Police Encounters by Vincent Rivera
If you have a police encounter it’s important to remember three things.
(1) First when you ask for an attorney all questioning must stop now.
if you choose to ask for an attorney it’s important that once you do that you stop talking because if you ask for an attorney and then you keep talking it basically erases that request for an attorney.
(2) Remember, you have the right to refuse a search.
You don’t have to agree to a search of your home.
You don’t have to agree to a search of your car.
You don’t have to agree to a search of your person
(3) Another thing to remember in a police encounter if you’re nervous. If you don’t like where it’s going just ask the officer “am I free to leave now?”
If you’re not free to leave they will tell you.
But if they tell you anything besides yes or no you need to repeat the question “am i free to leave?”
The significance of saying no to a search or asking whether or not you’re free to leave is because you are protected under the law.
The law and the Constitution say that you cannot be detained unless there’s evidence that you committed a crime.
They cannot keep you there unless they believe you committed a crime.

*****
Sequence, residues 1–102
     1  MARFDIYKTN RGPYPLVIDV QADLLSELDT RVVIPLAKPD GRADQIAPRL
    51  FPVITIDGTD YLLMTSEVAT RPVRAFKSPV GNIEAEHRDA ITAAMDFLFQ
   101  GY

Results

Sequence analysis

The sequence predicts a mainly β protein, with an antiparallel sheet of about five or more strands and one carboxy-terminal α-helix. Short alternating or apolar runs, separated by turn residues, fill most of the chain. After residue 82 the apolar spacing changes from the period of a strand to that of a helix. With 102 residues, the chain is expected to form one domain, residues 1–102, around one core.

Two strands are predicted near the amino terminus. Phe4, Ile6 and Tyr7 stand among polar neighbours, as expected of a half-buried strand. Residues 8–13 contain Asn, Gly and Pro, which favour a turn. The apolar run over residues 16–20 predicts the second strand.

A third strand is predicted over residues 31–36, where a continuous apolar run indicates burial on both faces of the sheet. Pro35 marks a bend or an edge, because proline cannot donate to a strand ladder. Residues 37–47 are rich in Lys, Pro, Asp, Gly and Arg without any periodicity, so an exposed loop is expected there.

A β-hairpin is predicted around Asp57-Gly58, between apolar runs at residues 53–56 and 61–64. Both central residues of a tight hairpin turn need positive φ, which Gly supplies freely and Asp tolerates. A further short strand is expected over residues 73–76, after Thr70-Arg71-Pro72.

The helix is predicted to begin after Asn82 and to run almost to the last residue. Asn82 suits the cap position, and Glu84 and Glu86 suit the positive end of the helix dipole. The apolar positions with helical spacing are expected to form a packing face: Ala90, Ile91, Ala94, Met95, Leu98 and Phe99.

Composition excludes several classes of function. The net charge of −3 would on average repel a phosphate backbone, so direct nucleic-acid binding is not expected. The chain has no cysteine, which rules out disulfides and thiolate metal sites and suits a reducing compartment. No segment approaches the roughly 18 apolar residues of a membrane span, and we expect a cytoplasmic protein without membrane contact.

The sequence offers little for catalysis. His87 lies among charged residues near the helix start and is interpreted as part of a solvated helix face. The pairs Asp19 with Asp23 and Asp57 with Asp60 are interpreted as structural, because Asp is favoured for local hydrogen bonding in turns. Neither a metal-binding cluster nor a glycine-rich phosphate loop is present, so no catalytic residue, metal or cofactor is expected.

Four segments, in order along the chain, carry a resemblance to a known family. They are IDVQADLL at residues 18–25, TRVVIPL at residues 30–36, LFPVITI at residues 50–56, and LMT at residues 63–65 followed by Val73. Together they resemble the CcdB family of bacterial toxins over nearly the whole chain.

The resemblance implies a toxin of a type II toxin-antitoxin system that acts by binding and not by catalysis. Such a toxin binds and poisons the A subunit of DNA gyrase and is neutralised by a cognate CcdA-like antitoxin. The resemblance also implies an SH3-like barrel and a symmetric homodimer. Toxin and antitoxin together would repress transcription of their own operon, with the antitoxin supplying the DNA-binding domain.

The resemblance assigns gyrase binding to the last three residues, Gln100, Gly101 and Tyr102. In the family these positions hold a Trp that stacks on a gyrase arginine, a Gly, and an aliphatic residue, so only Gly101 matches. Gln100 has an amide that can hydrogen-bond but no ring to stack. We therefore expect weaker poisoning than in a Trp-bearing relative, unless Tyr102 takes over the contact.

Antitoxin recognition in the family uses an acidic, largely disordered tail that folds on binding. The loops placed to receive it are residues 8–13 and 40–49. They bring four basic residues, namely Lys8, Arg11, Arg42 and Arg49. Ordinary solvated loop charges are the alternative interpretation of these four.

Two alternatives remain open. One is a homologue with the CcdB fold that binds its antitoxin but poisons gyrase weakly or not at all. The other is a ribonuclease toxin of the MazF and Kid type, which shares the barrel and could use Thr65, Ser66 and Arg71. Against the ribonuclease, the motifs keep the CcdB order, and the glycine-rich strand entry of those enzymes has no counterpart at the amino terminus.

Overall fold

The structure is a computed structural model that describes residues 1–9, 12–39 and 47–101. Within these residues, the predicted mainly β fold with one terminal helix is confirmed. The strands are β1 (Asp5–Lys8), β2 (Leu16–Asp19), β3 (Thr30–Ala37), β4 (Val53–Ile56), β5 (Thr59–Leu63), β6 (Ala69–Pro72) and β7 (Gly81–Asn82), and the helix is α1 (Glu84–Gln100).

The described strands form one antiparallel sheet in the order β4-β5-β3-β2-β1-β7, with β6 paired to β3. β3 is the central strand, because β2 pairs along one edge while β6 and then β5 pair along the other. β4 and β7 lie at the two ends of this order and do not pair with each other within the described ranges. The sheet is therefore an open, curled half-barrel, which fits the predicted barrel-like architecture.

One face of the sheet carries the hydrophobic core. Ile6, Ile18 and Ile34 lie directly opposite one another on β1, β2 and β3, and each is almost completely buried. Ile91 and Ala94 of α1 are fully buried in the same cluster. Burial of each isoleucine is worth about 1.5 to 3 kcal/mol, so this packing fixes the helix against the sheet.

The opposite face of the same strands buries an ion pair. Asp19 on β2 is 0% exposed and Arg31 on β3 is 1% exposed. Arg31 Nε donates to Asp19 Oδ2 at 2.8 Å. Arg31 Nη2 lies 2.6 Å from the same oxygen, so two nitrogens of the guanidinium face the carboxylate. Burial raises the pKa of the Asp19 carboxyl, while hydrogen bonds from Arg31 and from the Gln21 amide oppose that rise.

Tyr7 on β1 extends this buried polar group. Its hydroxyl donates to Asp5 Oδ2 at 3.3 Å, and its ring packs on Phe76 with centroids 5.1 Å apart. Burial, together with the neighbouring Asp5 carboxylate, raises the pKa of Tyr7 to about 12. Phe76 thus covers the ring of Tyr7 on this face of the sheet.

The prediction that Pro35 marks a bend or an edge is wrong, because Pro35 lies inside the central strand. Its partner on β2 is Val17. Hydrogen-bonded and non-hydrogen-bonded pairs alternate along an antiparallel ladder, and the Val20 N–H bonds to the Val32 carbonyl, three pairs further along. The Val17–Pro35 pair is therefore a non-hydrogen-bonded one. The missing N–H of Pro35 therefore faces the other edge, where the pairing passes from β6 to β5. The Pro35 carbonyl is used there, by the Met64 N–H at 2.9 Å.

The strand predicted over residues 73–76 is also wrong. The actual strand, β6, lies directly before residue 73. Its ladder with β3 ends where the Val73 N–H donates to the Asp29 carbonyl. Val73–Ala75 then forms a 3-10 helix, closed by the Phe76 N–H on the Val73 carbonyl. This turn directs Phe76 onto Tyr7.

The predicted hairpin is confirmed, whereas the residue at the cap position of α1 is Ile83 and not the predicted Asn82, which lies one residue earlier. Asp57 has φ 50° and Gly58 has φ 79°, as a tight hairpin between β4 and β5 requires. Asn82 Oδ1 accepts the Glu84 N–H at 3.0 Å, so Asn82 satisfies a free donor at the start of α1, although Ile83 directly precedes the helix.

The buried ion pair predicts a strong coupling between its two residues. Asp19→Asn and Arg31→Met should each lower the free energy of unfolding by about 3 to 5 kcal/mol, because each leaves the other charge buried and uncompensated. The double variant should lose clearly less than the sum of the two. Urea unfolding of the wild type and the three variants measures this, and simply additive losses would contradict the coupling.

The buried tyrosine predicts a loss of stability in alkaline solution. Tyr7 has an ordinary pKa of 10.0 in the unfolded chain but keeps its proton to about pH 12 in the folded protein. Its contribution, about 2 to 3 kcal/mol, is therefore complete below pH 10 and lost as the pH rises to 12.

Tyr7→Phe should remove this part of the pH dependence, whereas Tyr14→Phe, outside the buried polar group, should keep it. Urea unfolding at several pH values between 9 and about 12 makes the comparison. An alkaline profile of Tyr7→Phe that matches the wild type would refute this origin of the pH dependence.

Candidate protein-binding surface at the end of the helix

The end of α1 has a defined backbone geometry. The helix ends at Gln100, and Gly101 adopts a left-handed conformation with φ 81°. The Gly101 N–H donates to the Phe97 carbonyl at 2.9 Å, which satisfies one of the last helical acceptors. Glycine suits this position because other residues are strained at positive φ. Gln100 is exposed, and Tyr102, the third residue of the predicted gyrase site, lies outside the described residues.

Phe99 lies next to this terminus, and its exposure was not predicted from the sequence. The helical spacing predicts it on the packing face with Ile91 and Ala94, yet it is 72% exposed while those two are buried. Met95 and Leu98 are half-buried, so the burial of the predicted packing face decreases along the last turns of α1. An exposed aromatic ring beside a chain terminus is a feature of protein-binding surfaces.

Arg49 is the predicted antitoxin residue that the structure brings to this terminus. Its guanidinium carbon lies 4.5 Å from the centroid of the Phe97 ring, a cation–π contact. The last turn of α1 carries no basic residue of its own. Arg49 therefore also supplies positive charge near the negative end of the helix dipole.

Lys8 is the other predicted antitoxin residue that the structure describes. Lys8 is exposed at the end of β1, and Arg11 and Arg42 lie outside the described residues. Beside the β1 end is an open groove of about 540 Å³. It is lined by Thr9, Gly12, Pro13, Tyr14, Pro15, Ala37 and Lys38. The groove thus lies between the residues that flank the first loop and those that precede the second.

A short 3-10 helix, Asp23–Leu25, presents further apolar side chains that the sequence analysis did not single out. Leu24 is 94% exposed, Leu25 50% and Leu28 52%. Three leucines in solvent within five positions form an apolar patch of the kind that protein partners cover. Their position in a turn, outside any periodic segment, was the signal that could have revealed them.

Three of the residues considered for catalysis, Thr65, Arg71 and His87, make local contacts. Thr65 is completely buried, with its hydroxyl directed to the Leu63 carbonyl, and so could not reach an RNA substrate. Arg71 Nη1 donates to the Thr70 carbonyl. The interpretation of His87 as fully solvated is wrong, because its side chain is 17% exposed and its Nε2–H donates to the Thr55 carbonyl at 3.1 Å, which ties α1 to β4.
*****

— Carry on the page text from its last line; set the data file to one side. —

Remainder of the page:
They cannot search you unless there is evidence that you committed a crime.
If you ask them if you’re free to leave and they say no, now they’re going to have to prove to a judge that they had some kind of facts, some kind of reasonable suspicion to keep you detained.
if you say no to a search now they’re going to have to explain to a judge why they searched you anyway.
So why do they ask for your permission?
Because when you consent you were giving up your rights. When you consent now they don’t need evidence. They no longer have to prove that the officer had reasonable suspicion.
If the officer tells you that you’re free to leave and you stay and talk to them.
And you stay and consent to a search the officer no longer has to prove to the judge that they had reasonable suspicion to keep you detained.